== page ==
Schapiro talks socioeconomic concerns at Quest Scholars fireside


Lan Nguyen/The Daily Northwestern

University President Morton Schapiro addresses concerns of student financial situations Monday afternoon at the McCormick Tribune Center. The event was hosted by Northwestern’s chapter of Quest Scholars.

Rosalie Chan, Reporter

University President Morton Schapiro spoke Monday about the socioeconomic experience at Northwestern, listening to questions and concerns from students of all socioeconomic backgrounds as part of a weeklong initiative by Northwestern Quest Scholars to spark a dialogue on the role of class and identity at NU.

The fireside, held at the McCormick Tribune Center, is the first event of Money Matters week, the first campus-wide campaign to create discussion on socioeconomic issues. More than half of NU students receive some sort of aid.

“I think we really could do a better job making sure every undergrad here has the same opportunity to prosper, to fully avail himself or herself to everything it has to offer,” Schapiro said.

NU has improved in its enrollment of underrepresented minorities, Schapiro said. The University has moved from 15th in the country to seventh in having the highest percentage of underrepresented minorities.

However, Schapiro admitted more work needs to be done and there needs to be a change in how low-income students are treated, especially in receiving equal opportunities in jobs and internships.

“The truth is, that’s just really unfair,” Schapiro said. “It shouldn’t be harder for someone who is first generation or from a low-income background to prosper here, as opposed to someone who is legacy.”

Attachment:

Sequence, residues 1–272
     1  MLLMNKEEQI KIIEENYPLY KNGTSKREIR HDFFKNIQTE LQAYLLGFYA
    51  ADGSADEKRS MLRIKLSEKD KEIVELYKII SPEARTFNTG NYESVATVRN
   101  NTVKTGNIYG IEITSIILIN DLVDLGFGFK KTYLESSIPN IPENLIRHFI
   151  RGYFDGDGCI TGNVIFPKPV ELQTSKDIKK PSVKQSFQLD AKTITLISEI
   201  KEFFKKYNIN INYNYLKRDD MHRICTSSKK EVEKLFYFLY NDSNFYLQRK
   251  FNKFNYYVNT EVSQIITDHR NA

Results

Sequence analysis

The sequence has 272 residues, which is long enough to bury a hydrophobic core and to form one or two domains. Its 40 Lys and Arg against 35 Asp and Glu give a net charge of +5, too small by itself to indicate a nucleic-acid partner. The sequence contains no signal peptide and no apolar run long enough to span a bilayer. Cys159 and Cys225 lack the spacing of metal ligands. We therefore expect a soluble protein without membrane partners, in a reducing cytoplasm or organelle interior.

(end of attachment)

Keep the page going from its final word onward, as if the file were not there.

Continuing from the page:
Students’ questions covered a wide variety of topics, including addressing socioeconomic issues, financial aid and NU’s culture of affluence. Students voiced concerns about unpaid internships, high textbooks costs, negative treatment from the financial aid office, feelings of disconnect and lack of awareness by faculty about low-income student concerns.

“I thought he was very apologetic for a lot of things,” Medill sophomore Antonio Vielma said. “He presented a lot of comparisons to our peer institutions. While they may provide a qualitative view, it doesn’t talk about the experiences of students while here. The focus should be how resources for low income students are increasing or not, and how Northwestern is adjusting to low-income students.”

Schapiro said he prioritizes increasing the percentage of low-income students but believes the current formula for financial aid is more fair and generous than it had been previously.

Before the fireside, some quotes from the Tumblr page “NU Class Confessions,” as well as other statistics, were projected on a slide. The Tumblr currently has more than 450 posts.

(NU Quest Scholars launch website to promote anonymous discussion on economic background)

“I can’t say that I was terribly surprised by any of it, given that I was in this business for a long time,” Schapiro said. “When they speak honestly with me, I get to hear these things. If I were to categorize those hundreds of hundreds of confessions, one is guilt, one is anger, one is doubt.”

Many students who attended said they hope this discussion continues.

“It was satisfying to hear there was a mix of personal stories and questions,” Weinberg freshman Jessica Lewis said. “I don’t know if socioeconomic status can be covered in an hour. I just hope that these kinds of conversations happen on campus. These kinds of conversations are great for making people comfortable with what’s normally an uncomfortable issue.”

Money Matters events continue this week with a dinner dialogue event at 6 p.m. Tuesday at Sargent dining hall, a film screening at 7 p.m. Wednesday in Harris Hall and a keynote speech by award-winning journalist Alfred Lubrano at 7:30 p.m. Thursday in Harris Hall.

Clarification: This story has been updated to reflect that students from a variety of socioeconomic backgrounds attended the fireside. 

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